However, Jameel said that if a similar mutant strain to the one in Britain has independently developed in India, it’s unlikely to have the same worrying impact it has had in Britain. This is because he believes already 30-40% of the country has been infected by the virus (up to 60% in urban areas) and that level of infection will confer a far greater immunity to Indians. Infection levels in Britain are much lower.
Jameel also said India is not doing anywhere near enough genomic sequencing to look for new and possibly worrying mutations of the virus. With over 10 million cases, there is a greater chance of mutations having occurred in India than in countries where the number of cases is a lot lower.
As of now India has detected/deposited 4,000 mutations out of over 10 million cases. That, he said, is roughly one out of every 2,500-3,000 cases. The WHO has recommended that genomic sequencing be done for one out of every 300 cases. This means India’s record is 10 times lower than what the WHO has recommended.
Talking about the newly mutated virus detected in Britain, Jameel said the belief it could be 70% more infectious is based on modelling rather than laboratory-established scientific evidence. He added, “It’s yet to be proven if the 70% claim is correct.” However, he said “we need to be concerned”, particularly because the new variant is said to have caused 60% of recent infections in the UK.
Speaking about the claim the new strain will not lead to a higher mortality rate, Jameel said whilst this may be the case, it’s also true that if it’s more infectious it will create more cases and that will inevitably lead to an increase in severe disease as well as an increase in deaths. The absolute number of deaths will go up even though there may not be a percentage increase in mortality.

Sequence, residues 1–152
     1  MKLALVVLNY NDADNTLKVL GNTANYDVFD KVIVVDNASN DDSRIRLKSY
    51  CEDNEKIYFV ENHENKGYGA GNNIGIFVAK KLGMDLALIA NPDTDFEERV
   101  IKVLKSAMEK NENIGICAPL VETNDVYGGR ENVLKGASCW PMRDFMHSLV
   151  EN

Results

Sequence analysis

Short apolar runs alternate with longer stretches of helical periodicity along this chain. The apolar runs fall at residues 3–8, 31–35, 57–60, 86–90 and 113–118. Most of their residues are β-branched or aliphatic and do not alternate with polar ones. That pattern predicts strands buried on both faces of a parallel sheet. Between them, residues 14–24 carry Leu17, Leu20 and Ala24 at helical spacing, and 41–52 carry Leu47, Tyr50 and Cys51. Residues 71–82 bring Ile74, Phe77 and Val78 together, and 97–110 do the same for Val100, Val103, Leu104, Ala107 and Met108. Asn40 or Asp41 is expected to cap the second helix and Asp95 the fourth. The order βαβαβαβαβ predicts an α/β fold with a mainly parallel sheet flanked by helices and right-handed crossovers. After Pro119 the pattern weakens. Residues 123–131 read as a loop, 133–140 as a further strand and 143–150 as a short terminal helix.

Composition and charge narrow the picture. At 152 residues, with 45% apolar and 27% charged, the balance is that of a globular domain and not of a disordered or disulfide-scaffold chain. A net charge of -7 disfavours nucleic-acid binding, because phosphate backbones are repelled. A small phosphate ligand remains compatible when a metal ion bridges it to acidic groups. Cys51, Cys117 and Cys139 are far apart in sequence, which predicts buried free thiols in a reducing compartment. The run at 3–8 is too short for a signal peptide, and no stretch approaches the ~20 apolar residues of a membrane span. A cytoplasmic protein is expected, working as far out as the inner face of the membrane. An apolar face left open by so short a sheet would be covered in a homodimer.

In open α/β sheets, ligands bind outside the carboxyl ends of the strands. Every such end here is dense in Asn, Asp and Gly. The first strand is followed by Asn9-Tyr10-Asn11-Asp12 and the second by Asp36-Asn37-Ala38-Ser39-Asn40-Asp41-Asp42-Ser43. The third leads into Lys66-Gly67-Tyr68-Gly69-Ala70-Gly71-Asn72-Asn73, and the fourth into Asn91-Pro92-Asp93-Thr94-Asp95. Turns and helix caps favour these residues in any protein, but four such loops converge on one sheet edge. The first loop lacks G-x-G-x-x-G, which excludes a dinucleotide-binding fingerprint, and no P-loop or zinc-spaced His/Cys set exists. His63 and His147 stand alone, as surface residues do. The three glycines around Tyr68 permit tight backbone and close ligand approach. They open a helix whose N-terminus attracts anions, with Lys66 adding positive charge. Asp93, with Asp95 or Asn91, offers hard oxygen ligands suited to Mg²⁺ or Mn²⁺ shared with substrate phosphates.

Jameel said whilst we await confirmed results from direct studies to know whether the new strain is more vaccine-resistant than the old one, he added that everything we know about the human immune system suggests it will not be vaccine resistant. He emphasised this is a hope and belief but not as yet a confirmed fact.
Finally, the virologist said to the extent the new virus strain is more infectious, it will also have an impact on herd immunity. The percentage level of infection at which herd immunity kicks in will go up but as yet we cannot say by how much.
Speaking as one of India’s most highly regarded virologists, Jameel gave The Wire a hypothesis to explain how the new viral infection could have emerged in Britain. He said if an immuno-deficient person got infected, the virus could stay with the person for a long time. This would mean the virus could get the opportunity to mutate. Thereafter, if it spread its impact could be significantly different to the pre-mutation version of the virus. It’s possible this is what happened in the UK. This explanation links up with Jameel’s other hypothesis that the use of plasma therapy might, in certain conditions, have led to mutations of the virus that are more difficult to handle.
The full video interview can be found here.